They’re the three words nobody wants to hear: “You need surgery.”
For many, just the fear of being under anesthesia and not having control over your body is terrifying—but on top of that, the potential risks involved with the procedure itself are often worthy of some concern. Despite all of this, however, the decision to have a surgical procedure can also bring a sense of hope: the idea of fixing a medical issue brings patients a feeling of optimism.
Unfortunately, some patients recover from a procedure only to be met with a lifetime of chronic pain and suffering. Their stories are the launchpad forAmy Ziering and Kirby Dick’s new documentary The Bleeding Edge, which explores and reveals the dangers and consequences of many medical devices hailed more broadly as examples of modern innovation.
Medical devices exist within an interesting grey area in the world of medicine. Whereas drugs must undergo a thorough testing process to ensure efficacy and safety, medical devices don’t. Instead, they fall under a bizarre clinical testing framework that simply requires the device to be “substantially equivalent” to another legally U.S. marketed device—even if that device has been recalled.
It isn’t a stretch to imagine the ways in which this process could induce cyclical horrors for patients—and it isn’t just a hypothetical danger.
The Bleeding Edge, for example, explores the approval and subsequent consequences for women in the release of Essure, a permanent form of birth control that boasted short procedure time, minimal pain and no incisions—and was 99 percent effective at preventing pregnancy. Doctors who implanted the devices inserted a small metal coil into each fallopian tube—resulting in the body generating scar tissue around the device that closed each and blocked the connection of sperm and egg.
For many women, Essure felt like a long-awaited perfect fit for their reproductive lives. However, problems with the seemingly foolproof device began surfacing in high numbers. Patients complained of chronic pain, immense bleeding and high fevers.
The Bleeding Edge includes footage from an FDA hearing regarding Essure’s approval. At one point, one doctor jokes that “private investigators would find each of us, bring us back here and ask us why we approved this.” The entire room fills with laughter. During the discussion, questions from doctors about the risks of the technology went unanswered.
Another medical device disaster explored in Dick’s documentary was vaginal mesh—a technology cleared through the same risky approval pathway as Essure which boasted lasting results and a short procedure time to treat mild incontinence issues. Such treatments ultimately left many women with immense pain and bleeding. For many, choosing vaginal mesh stripped them of their sexual lives and put their sexual health in crisis.
The film also shines a light on the DaVinci Robot—a device that allowed doctors to preform surgeries from up to seven feet away using robotic instruments which was used frequently to perform hysterectomies, causing a huge uptick in the rate of vaginal cuff dehiscence. Women patients whose doctors used the robot were three to nine times more likely to suffer a complete tear of their vaginal incision as a result; in the documentary, patients recall “pomegranate-sized” blood clots emerging in between their legs, and even multiple feet of intestines “falling” out of their vaginas.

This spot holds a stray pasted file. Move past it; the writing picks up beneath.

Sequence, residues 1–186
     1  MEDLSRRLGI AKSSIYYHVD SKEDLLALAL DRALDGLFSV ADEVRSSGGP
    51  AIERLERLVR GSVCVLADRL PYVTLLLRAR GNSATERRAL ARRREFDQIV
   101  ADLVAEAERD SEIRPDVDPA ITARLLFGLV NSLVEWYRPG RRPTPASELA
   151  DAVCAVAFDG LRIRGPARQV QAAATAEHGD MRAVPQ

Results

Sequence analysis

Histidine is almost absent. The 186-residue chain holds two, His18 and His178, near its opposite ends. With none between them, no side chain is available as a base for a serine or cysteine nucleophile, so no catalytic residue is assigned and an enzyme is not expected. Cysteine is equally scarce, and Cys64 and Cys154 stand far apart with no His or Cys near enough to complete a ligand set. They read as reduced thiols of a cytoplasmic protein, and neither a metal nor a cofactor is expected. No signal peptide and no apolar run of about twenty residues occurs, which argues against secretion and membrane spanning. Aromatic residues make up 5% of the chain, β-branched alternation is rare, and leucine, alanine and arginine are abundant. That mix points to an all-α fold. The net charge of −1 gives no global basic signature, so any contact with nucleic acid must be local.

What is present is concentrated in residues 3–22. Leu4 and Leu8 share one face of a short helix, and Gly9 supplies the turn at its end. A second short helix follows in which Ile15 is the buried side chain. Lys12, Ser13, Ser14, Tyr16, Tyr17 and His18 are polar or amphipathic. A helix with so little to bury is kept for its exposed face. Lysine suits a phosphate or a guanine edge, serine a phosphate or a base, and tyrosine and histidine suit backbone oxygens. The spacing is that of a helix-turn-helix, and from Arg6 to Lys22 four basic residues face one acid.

Not all medical device stories in The Bleeding Edge are as distinctly female—the documentary also focuses on the harrowing stories of hip replacements causing muscle deterioration and internal “metal sludge”—and, surely, neither are the myriad horror stories left unexposed in the film. But the fact that three of four examples used to illustrate the dangers of the medical device field so uniquely impacted women is a telling tale of the dangers of medical sexism—and the callous regulatory policies and practices that disregard the importance of women’s health and lives.
Viewers can’t help but question if medical device companies and the bodies which oversee their administration simply care less about women, resulting in a failure to adequately assess risks to their well-being before predatory attempts to persuade them into undergoing new procedures. It’s a question pondered in other documentaries like Perfectly Safe, which focuses on the dangers of breast implants specifically but reveals, in the narrative, the often fatal flaws in testing and evidence-sharing which the FDA and the inventors of female-oriented medical devices seem content to continue perpetuating.
Doctors themselves can be party to such sexism as well, as exhibited in the stories women tell in The Bleeding Edge. When Ana Fuentes called her doctor and described multiple painful symptoms she believed resulted from the implant of her Essure device, he immediately doubts her. “Those two little things,” he remarks, belittling her pain, “don’t do all the changes you’re telling me.” The social norm of doubting women, and of minimizing their pain, is a thruline in the film. Even when women complained of excruciating abdominal pain and inability to walk, doctors often wrote off their symptoms to normal menstrual pain.
As the late Rep. Louise Slaughter says in one scene: “Women just seem to be expendable, don’t they?” One major takeaway from The Bleeding Edge is that it is long past time for the medical community to ditch such an idea of expendability and choose accountability instead.